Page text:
1 CCS Prep CTHIMA September 23, 2013 Speakers: Phyllis Hilt, MBA, RHIA Rachael D Andrea, MS, RHIA, CPHQ
2 CCS Prep Certified Coding Specialist (CCS ) The CCS credential denotes a high standard of competence in coding beyond the entry level certification. Medical coders must be very familiar with the ICD 9 CM coding system and the CPT (Current Procedural Terminology ) coding system's surgery section. Clinical coders must, in addition, be well versed in medical terminology, hospital practices, pharmacology and treatment options in order to translate the information within clinical case notes into medical codes. The CCS certification exam assesses mastery proficiency in coding rather than entry level skills.
3 Agenda 8:00-8:30 Registration 8:30-10:00 CCS Session #1 Introduction; Overview of test Domain #1: Health Information Documentation 10:00-10:15 Break 10:15-12:00 CCS Session #2 Domain #2: Diagnosis Coding, including Coding Clinic 12:00-12:45 Lunch 12:45-1:45 CCS Session #3 Domain #3: Procedure Coding 1:45-2:15 Break 2:15-3:00 CCS Session #4 Domain #4: Regulatory Guidelines and Reporting Requirements for Acute Care Service Domain #5: Regulatory Guidelines and Reporting Requirements for Outpatient Services Domain #6: Data Quality and Management 3:00-5:00 CCS Session #5 Domain #7: Information and Communication Technologies Domain #8: Privacy, Confidentiality, Legal and Ethical Issues Domain #9: Compliance
4 CCS Session #1 Introduction Overview of test Domain #1: Health Information Documentation Tasks Hands on
5 CCS Prep Introduction Please note that this workshop is designed to serve as a valuable supplement to your overall education plan for preparing for the CCS certification examination. This workshop will NOT teach you how to code. Attendees of this workshop should already have a good working knowledge of the basic coding rules of ICD-9 as how to apply them. Participation in this course does not guarantee a passing score on the examination. The exam WILL NOT BE ADMINISTERED DURING THIS WORKSHOP. We strongly encourage workshop participants to go to the AHIMA Certification website to learn more about the credential and the exam prior to attending this workshop. For this workshop, you will need to bring your ICD-9 CM and CPT 2013 coding books. The CCS exam is based on ICD-9-CM codes effective October 1, 2012, and CPT codes effective January 1, 2013 (exam will not be administered at workshop!)
6 CCS Prep Introduction Workshop Materials (Handout Information): At the workshop we will be providing handouts with study questions & scenarios/answers. We will NOT be providing handouts of the Powerpoint slides (the 3 slide per page handouts) at the workshop! Registered attendees will be sent a link to download the Powerpoints and will be able to print the 3 slides per page handout. If you wish, you may print these and bring them with you to the workshop.
7 Certified Coding Specialist (CCS) Examination Content Outline Number of Questions on Exam: 81 Multiple Choice (18 unscored/pretest) 8 Multiple Select (2 unscored/pretest 12 medical record cases Exam Time: 4 hours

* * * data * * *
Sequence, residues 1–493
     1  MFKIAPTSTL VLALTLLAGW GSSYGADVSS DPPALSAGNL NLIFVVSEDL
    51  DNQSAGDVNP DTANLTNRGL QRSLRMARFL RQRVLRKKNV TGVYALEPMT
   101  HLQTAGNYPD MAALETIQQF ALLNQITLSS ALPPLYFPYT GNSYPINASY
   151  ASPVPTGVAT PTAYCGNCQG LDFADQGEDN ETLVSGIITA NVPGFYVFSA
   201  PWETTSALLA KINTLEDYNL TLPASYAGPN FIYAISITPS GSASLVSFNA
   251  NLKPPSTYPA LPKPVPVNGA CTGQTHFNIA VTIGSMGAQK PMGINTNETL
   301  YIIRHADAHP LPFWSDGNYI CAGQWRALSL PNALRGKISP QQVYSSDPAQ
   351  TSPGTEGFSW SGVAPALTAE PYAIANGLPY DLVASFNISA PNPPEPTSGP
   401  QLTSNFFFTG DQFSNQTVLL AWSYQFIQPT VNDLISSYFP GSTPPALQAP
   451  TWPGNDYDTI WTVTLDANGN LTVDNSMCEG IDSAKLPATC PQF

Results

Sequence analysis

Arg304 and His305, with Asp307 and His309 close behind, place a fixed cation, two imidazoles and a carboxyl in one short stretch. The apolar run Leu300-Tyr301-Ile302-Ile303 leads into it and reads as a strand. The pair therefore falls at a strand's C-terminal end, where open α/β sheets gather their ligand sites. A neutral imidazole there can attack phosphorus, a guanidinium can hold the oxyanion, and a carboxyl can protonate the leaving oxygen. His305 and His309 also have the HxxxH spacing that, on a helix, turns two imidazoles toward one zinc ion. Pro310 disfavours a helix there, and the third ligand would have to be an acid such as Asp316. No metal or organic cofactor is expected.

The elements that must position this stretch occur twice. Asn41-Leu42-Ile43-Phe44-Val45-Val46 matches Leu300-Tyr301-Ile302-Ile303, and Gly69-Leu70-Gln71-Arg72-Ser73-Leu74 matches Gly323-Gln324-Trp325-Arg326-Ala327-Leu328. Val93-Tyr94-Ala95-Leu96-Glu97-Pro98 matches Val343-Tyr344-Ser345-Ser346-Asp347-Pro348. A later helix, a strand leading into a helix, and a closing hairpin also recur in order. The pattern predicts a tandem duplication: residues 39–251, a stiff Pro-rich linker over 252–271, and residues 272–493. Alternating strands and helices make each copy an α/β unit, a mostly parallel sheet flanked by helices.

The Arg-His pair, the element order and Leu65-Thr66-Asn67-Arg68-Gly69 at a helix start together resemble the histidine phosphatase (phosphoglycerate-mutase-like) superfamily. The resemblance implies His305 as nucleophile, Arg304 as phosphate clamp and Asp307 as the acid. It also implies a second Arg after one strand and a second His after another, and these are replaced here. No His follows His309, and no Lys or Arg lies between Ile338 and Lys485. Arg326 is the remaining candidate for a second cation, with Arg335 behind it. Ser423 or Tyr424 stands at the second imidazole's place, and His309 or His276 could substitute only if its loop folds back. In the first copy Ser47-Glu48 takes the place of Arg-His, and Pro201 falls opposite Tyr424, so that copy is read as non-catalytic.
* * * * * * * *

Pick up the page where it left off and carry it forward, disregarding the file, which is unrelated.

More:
8 CCS Prep Exam Overview Part 1 Pharmacology, anatomy & physiology, DRGs, legal issues & government regulations, pathophysiology. Coding conventions & guidelines; for example: which type of hernia repair can use mesh? You must read coding guidelines and practice coding exercises to gain experience prior to exam. 81 multiple choices. You don't have much time, so try to answer all questions on time. 8 multiple select. This means more than one answer to select. Part 2 12 inpatient and outpatient cases. You have around 15 minutes/case. Many have difficulty finishing this part on time. Some cases have pages. You need to read efficiently, focus and assign the codes correctly. If you don't understand the question, come back to do later if time permits. Do not spend too much time on single question. Part II can be complex and stressful. You need to remain calm and focused. Passing score is graded at 300/400 for entire exam.
9 Exam Overview Multiple Choice: One best answer item format requires the test taker to select the single best response from four (4) options. AHIMA certification exams currently utilize this format for all objective items. Multiple Select: More than one answer will be required by the test taker (example: select 2 correct answers out of 4 presented, 3 correct answers out of 5 or 4 correct answers out of 6). Candidates will be prompted within the question on how many answers are required.
10 Exam Overview Quantity Fill in the Blank (QFIB): Used for medical record cases. More than one answer will be required by the test taker. Candidates will receive the exact amount of boxes that they will need to provide diagnosis and procedure codes for.
12 Exam Scoring Multiple Choice and Multiple Select questions are worth 1 point. Fill in the Blank items are worth 1 point per correctly assigned code. For example: Multiple Choice Correct answer = 1 point, Incorrect answer = 0 points Multiple Select Correct answers = 1 point (you have to select all right answers to get the entire question correct), Incorrect answers = 0 points Fill in the Blank Correct codes = 1 point (each code that you enter will be worth 1 point), Incorrect codes = 0 points If the medical record cases requires the candidate to code eight (8) correct codes and the candidate only correctly answers six (6) codes, the candidate will have a point total of 6 for that medical record case